How to: make parchment and vellum
Today ideas of a post-paper world are floating around, but what was used before paper was commonly available? Let us walk you through the process of making parchment and vellum.
Before paper was widely manufactured and used, scribes depended on parchment, the final product of an involved and costly process. In what might look like a morbid practice now, parchment and vellum were processed from animal skin into durable materials, without which we would not possess the wealth of knowledge that we have today.
At risk of sounding like a parchment ‘Do It Yourself’ guide, the value of parchment and vellum can’t be understood without a little know-how about its production. Depending on the production methods and the animal used, the finished product could vary greatly. The very finest skins, vellum, came from animals less than six weeks old, and freshly killed. Whether for parchment or vellum, the animal skin was first soaked in a solution of lime to soften it and loosen the hair which was then removed. The skin was then stretched on a wooden frame where it was scraped with a curved knife called a lunellum. During this process it was alternatively wetted and dried to create tension. The final step was to abrade the skin with pumice and treat it with a lime or chalk solution which made the pages whiter and allowed the skin to accept the ink pigments. The skin was then divided into sheets, with the number of sheets depending on the size of the skin and the sheets. Just to give an idea, an average calfskin provided three and a half medium sheets of parchment. The parchment could then be folded without becoming brittle, unlike plant-based papyrus.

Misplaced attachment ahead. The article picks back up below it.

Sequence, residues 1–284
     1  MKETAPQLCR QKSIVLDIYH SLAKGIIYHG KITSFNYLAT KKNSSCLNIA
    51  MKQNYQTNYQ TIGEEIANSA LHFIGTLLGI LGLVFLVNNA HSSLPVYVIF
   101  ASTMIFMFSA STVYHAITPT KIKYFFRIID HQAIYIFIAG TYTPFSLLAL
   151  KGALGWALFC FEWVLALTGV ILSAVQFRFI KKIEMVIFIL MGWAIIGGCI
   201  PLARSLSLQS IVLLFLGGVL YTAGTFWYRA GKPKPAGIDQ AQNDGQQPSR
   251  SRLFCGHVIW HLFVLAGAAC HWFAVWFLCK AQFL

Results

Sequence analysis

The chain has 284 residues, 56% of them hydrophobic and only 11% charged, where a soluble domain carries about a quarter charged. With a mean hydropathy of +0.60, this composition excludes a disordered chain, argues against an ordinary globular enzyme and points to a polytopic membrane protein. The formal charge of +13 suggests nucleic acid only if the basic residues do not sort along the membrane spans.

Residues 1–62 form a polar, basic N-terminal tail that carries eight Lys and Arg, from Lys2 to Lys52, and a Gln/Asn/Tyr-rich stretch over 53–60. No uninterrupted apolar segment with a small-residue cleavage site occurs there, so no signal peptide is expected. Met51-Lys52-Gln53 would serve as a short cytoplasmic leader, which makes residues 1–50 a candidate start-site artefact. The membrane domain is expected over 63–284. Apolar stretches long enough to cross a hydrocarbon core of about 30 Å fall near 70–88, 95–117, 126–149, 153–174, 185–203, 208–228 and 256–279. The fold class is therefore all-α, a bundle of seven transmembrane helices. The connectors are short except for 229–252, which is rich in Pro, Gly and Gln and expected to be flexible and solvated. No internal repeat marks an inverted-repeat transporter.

There are relatively few sources remaining which describe the Byzantine method of vellum production in particular. One of these is a letter from Planudes, a theologian, grammarian, rhetorician and head of the monastery school at Khora. The monastery held a great library and as a result much of Planudes’ correspondence dealt with sourcing the finest parchment for manuscripts. His letters offer insights into the practices and issues that surround parchment and vellum production. For instance, he insists that the finished vellum should not be treated with egg white. This practice, preferred during the Byzantine period, gave lustre to the pages but if the book became wet the egg white would flake and peel off, and with it the work of the scribe.
Given the time taken to make these as well as the materials and expertise needed, it’s not hard to imagine how highly valued these manuscripts would have been – and still are today.